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Möbius III - 2012 [sold] - A unique geometric sculpture, hand-made from beautiful fine-grained sandstone quarried at Glossop in Derbyshire.
This sculpture is for sale with or without a stand.

Geometric stone sculpture Möbius III - main Geometric stone sculpture Möbius III
A twisted torus with a 31" diameter and a maximum thickness of 6".

Möbius III with Base and Pedestal. 2012 [sold]

Geometric stone sculpture Möbius III - main Geometric stone sculpture Möbius III

Overall height: 58". This sculpture was designed to be set in concrete covered with pebbles, slate, paving or grass.

Geometric stone sculpture Möbius III - main Geometric stone sculpture Möbius III

Möbius III is the third of a series of sculptures exploring the topology of the Möbius strip in three dimensions:

The mathematician August Ferdinand Möbius first examined this strange form in the nineteenth century and gave us the Möbius strip. Take a strip of paper, twist it through 180°, turn it round into a torus and glue it together. Were you to trace a line along the middle of the strip, you would find that this strip of paper, which appears to have two surfaces, has in fact got only one continuous surface. Similarly, the Möbius strip has only one edge, not two as one might suppose.

The Möbius strip is a conundrum – what are the implications of warping a plane through three dimensions to our understanding of planes and dimensions? This series of Möbius sculptures of mine explores the conundrum further by starting to examine similar warpings of three dimensional cross-sections through space.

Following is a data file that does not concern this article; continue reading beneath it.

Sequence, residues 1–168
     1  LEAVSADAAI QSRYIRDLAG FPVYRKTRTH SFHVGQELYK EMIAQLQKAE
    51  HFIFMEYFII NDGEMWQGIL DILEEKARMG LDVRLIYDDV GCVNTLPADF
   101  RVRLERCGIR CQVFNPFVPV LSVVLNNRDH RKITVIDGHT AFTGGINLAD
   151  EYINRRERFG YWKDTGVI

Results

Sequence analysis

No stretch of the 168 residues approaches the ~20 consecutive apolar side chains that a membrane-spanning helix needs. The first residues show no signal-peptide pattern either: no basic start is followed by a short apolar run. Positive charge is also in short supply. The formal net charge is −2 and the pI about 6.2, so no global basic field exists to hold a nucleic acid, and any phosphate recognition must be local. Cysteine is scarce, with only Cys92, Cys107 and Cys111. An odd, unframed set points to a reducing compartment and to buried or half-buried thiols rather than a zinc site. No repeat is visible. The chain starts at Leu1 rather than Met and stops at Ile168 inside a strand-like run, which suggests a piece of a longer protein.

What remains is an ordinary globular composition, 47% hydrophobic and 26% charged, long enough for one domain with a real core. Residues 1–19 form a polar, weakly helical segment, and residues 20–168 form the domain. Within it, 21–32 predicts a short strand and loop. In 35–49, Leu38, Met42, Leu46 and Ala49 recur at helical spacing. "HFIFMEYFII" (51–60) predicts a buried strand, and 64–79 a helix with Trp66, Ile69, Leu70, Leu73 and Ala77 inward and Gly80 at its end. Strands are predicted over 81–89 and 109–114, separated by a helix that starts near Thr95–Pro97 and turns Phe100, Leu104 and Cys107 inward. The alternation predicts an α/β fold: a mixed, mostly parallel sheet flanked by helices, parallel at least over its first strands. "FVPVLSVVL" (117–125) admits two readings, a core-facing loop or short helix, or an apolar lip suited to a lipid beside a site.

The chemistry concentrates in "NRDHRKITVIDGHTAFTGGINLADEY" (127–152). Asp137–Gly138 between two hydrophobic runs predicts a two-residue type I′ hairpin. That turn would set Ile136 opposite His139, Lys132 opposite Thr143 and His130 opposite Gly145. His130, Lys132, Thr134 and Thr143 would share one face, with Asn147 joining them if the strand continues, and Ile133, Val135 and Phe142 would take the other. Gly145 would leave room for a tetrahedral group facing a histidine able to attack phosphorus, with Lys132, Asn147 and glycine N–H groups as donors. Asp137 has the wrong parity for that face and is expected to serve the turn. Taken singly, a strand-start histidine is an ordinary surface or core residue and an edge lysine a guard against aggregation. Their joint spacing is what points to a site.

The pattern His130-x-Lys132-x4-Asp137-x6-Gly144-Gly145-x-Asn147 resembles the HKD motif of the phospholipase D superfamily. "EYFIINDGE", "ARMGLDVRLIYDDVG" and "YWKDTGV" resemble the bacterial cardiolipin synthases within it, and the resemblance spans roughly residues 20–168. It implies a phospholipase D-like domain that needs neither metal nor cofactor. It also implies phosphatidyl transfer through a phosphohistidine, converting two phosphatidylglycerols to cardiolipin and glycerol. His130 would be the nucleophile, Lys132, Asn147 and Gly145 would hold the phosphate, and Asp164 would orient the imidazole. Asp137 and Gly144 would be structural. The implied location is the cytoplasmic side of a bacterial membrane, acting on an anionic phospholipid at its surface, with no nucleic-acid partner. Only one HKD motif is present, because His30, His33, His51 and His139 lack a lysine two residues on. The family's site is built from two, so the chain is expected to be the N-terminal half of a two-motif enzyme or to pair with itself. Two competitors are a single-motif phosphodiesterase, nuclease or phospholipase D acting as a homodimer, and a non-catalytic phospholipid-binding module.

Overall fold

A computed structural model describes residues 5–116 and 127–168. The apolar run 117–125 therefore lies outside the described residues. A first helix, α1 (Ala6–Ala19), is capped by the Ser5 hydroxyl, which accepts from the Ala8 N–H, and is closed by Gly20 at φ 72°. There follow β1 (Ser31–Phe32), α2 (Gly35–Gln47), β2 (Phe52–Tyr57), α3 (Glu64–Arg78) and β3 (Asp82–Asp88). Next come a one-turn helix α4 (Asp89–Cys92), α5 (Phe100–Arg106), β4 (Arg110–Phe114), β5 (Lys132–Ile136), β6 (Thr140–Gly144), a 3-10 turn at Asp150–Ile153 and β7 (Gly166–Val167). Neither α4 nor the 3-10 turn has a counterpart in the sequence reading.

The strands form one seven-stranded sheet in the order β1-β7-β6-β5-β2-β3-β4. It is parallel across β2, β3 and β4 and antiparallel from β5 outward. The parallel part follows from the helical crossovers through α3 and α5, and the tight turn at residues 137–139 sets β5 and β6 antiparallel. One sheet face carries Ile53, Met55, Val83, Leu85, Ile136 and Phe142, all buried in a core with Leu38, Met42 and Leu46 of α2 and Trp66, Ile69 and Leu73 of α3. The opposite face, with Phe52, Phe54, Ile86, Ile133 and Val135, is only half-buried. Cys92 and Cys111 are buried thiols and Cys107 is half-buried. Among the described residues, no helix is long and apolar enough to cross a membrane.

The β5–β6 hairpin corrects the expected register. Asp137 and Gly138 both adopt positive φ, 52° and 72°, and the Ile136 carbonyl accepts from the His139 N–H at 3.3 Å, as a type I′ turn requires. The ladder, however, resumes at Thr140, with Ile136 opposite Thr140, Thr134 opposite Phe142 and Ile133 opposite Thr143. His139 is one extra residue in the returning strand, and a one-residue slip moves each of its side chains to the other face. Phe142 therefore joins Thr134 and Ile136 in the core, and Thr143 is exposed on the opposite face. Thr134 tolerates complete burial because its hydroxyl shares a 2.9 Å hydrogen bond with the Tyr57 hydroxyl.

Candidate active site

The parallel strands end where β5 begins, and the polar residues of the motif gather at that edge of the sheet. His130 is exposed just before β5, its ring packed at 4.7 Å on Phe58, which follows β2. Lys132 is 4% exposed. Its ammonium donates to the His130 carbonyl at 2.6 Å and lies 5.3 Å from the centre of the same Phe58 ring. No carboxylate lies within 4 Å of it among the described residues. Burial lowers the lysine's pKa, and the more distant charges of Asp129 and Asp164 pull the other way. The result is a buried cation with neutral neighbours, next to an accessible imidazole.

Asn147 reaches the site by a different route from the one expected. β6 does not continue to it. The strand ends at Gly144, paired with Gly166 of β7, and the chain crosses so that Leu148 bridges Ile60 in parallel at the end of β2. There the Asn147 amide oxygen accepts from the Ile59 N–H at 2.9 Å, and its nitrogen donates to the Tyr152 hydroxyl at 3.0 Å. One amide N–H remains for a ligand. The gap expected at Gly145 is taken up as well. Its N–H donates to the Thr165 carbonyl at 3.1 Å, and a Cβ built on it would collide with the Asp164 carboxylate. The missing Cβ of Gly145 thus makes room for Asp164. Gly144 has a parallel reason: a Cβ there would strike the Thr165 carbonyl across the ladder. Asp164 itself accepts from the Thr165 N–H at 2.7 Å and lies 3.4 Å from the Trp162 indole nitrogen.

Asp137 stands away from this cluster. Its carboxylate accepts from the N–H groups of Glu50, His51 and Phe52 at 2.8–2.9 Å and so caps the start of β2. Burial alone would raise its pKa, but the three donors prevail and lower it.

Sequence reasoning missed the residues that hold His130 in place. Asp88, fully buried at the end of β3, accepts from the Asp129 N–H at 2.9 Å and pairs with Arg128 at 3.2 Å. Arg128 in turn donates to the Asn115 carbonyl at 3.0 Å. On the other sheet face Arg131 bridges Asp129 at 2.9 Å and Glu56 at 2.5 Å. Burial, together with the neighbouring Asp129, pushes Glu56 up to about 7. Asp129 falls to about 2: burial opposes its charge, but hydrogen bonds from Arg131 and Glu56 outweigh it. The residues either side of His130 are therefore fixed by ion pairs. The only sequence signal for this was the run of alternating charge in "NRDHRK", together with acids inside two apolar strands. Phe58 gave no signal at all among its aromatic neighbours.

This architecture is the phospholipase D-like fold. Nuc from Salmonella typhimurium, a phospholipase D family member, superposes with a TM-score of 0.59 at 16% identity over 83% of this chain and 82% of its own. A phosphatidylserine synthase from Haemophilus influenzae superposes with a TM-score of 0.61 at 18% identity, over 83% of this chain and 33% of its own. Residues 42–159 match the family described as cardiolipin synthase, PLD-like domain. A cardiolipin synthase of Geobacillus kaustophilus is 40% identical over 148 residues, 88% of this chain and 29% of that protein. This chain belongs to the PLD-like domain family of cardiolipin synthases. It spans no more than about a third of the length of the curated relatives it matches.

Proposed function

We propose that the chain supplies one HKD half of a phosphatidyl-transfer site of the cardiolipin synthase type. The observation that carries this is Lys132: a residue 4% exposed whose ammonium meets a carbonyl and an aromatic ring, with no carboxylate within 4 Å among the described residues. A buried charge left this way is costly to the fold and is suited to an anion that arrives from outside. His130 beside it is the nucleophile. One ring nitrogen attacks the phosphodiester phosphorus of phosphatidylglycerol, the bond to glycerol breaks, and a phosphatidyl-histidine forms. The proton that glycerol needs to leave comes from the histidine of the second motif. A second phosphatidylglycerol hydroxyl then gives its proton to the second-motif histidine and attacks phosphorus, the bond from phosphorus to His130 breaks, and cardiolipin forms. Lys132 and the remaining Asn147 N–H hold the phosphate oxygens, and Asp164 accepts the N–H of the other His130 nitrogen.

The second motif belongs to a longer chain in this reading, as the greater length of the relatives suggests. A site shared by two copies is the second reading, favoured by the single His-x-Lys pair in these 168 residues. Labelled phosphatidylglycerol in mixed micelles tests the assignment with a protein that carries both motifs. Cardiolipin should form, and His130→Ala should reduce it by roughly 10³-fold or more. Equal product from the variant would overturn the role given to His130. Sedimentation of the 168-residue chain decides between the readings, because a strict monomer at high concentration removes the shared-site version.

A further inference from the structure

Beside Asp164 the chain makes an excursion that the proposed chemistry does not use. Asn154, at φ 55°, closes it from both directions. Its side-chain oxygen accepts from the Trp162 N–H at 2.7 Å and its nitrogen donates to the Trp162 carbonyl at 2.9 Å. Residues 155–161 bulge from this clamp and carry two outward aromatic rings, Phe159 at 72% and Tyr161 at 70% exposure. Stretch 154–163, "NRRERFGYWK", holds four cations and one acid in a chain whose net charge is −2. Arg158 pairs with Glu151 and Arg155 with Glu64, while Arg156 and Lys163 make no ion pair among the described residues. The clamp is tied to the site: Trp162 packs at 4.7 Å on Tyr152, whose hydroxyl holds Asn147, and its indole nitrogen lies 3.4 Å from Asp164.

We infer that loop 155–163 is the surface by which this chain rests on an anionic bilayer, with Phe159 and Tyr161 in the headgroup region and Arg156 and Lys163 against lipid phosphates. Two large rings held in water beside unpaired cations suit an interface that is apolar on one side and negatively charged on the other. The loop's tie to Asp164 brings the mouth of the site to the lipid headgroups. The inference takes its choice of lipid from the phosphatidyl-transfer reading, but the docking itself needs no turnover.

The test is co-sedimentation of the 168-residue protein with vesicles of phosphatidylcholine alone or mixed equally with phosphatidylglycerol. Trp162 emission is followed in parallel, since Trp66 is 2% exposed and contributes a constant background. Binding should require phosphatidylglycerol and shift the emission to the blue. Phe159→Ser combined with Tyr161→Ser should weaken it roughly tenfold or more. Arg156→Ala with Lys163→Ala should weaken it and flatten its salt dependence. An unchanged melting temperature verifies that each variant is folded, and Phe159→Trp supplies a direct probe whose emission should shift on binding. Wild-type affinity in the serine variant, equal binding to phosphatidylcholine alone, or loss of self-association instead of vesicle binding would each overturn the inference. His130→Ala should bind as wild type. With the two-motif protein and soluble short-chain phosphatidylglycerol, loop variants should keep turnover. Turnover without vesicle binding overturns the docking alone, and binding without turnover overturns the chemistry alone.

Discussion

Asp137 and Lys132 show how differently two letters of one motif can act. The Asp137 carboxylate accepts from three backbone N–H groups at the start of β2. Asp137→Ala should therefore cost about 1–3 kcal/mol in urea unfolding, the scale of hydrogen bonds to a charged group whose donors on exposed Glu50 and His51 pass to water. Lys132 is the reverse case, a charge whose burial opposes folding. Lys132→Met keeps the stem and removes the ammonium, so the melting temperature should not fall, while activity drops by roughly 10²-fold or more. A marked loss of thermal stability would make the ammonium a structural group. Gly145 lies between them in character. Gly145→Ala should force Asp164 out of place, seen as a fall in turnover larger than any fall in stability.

The cross-section of Möbius III’s torus is a parallelogram throughout, but instead of having four continuous surfaces and edges as one might expect, it has only one of each.

Twisting and warping the surfaces seems to transform stone from an inert material almost into an organic form.

The cross-section of the torus gradually transforms from a golden section rectangle at the bottom into a perfect vertical diamond at the top.

These are such simple transformations to make – but ones which surprise the eye and the touch. We are brought up in a built environment where stone surfaces are usually flat and their edges are usually square – these sculptures with their changing edge angles and warped surfaces challenge our subconscious preconceptions about stone forms by using a different logic of geometric construction.

This sculpture also incorporates the golden section, or divine proportion, phi into all of its proportions.

To read more about Möbius strips and solids, and to see four short video demonstrations of their properties, click the images below to follow the link:

Link to mobius strips and solids page

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